Divorce is challenging for the entire family, and making custody decisions can be one of the most difficult parts of a divorce. Parents may try and still be unable to come to agreement about how to share time with their children, at which points the courts will step in to make those decisions.
How Oregon Courts Make Custody Decisions
Like many other states, Oregon uses the best interests of the child standard for custody decisions. A judge evaluates the best interests of a child by examining a list of factors, including:
- The strength of the emotional tie between a child and the parents as well as other family members. The judge will evaluate each parent’s interest in parenting and how bonded the parent and child are.
Lifestyles of the parents, including factors like the parents’ incomes and earning capacity and what each parent’s living situation is. For example, a court might question the stability or maturity of a parent who has engaged in numerous different short-term relationships.
Whether one parent has abused the other, which is considered harmful to the child both to the extent that the child may witness the abuse, and because of the possibility the abusive parent might abuse the child in the future.
- Each parent’s willingness to encourage the child to develop a close relationship with the other parent.
Oregon law prohibits courts from favoring a parent on the basis of their gender.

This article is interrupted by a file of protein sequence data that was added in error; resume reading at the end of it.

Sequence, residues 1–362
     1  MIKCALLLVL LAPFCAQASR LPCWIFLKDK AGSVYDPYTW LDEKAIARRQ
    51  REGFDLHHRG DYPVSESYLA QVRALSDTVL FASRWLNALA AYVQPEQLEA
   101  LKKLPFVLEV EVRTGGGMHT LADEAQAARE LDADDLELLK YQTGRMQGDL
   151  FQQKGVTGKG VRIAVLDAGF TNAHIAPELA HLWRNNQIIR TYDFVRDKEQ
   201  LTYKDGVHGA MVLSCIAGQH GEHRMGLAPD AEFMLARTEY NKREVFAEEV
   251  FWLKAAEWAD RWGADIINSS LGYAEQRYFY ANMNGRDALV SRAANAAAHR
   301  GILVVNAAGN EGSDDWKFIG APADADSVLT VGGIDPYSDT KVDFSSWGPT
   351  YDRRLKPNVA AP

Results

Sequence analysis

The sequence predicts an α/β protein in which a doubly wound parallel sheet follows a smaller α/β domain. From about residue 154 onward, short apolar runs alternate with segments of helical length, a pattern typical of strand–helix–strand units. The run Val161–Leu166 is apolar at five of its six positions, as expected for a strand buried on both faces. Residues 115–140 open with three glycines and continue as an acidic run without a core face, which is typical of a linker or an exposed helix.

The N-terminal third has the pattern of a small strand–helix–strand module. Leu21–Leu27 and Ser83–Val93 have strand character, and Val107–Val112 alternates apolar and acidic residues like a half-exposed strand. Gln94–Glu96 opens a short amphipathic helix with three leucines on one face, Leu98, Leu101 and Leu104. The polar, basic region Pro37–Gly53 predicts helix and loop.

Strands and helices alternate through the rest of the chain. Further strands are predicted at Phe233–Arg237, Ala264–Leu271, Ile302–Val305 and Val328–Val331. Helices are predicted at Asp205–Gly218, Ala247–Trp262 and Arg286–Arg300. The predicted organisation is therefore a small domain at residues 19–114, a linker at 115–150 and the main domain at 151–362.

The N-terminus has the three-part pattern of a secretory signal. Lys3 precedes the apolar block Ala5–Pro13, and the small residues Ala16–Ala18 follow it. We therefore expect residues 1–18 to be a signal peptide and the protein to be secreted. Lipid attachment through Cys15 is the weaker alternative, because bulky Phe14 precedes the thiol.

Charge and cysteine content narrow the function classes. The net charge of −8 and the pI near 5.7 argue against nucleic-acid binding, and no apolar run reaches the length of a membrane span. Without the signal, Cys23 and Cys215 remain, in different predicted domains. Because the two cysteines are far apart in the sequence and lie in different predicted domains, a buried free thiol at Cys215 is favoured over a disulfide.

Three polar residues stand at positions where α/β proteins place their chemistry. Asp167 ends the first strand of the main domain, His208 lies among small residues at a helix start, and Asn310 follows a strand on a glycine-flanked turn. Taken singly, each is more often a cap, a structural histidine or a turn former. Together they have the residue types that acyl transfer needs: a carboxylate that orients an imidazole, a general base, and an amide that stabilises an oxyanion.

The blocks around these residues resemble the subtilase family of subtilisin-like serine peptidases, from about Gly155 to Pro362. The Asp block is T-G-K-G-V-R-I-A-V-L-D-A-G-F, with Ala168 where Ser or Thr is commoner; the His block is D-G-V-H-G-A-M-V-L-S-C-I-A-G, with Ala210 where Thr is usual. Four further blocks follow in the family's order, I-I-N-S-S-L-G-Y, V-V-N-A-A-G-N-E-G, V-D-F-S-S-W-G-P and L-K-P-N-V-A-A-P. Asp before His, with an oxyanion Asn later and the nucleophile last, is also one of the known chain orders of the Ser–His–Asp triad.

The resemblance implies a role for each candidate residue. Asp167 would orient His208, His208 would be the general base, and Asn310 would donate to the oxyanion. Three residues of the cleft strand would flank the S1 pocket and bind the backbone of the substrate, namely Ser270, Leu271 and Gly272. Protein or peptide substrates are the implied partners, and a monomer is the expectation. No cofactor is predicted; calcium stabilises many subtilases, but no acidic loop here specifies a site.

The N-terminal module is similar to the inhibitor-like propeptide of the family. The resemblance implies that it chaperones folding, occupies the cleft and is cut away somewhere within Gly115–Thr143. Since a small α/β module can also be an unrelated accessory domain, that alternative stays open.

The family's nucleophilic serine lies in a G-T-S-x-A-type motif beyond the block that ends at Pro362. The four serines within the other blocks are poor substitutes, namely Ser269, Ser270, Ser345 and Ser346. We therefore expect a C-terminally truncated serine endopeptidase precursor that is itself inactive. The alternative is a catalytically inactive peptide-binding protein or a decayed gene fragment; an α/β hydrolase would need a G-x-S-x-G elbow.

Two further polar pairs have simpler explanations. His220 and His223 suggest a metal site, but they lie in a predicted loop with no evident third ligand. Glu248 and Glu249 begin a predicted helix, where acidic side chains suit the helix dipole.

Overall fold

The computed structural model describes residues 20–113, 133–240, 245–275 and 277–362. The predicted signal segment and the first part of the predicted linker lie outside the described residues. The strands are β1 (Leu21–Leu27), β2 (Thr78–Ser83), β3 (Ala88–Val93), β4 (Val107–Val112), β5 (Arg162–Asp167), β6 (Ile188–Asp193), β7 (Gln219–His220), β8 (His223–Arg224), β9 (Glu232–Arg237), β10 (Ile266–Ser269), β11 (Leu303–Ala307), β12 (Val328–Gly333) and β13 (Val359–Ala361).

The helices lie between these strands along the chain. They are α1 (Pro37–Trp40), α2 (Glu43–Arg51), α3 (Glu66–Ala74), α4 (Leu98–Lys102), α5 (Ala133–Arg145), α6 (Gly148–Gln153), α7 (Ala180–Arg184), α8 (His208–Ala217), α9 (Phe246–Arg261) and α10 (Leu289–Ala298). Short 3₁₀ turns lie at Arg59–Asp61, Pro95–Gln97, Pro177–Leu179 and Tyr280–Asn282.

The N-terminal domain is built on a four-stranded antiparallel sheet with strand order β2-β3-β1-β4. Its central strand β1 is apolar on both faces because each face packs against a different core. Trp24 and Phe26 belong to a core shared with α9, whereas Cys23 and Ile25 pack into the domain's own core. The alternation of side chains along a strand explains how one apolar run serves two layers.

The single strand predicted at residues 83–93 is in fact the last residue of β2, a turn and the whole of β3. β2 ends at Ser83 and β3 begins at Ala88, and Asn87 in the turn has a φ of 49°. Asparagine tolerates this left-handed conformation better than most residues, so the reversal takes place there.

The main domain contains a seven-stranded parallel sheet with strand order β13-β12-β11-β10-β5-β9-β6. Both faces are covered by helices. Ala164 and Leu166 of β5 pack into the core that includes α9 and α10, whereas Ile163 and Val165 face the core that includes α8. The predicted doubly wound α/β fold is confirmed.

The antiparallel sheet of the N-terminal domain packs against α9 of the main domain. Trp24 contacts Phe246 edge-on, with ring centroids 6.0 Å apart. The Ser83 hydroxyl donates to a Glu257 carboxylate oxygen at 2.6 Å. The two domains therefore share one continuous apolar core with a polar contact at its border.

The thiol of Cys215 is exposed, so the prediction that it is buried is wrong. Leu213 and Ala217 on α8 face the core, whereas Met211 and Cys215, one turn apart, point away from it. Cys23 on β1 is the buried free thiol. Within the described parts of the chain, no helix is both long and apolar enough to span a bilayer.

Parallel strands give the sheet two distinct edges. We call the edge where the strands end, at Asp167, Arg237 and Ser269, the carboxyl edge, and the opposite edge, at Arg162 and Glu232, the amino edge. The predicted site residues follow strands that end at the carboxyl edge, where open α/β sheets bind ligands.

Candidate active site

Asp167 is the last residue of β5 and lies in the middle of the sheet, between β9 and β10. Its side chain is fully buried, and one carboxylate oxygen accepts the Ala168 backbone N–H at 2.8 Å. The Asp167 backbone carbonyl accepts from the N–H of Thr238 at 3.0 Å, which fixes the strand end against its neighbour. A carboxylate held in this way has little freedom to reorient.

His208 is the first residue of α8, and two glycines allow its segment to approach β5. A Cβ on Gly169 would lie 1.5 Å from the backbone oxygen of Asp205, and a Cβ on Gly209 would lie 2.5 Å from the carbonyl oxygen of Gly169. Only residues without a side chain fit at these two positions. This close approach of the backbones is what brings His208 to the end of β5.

All Factors are Considered Equally with One Notable Exception
Oregon law requires judges to consider all of the factors listed above and to treat them equally—in other words, it is not appropriate for a court to look at one factor to the exclusion of the others. The one notable exception is if a parent has committed some form of domestic or sexual abuse.
Oregon law does not require a parent to cooperate with another parent who is abusive. A parent who takes steps to prevent a child from being abused by the other parent will not be considered to be uncooperative for purposes of evaluating custody rights.
In Oregon, generally it is not considered in a child’s best interest or welfare for an abusive parent to have sole or joint custody. This means that the court presumes that the abusive parent is unfit to have custody, unless the abusive parent is able to show otherwise.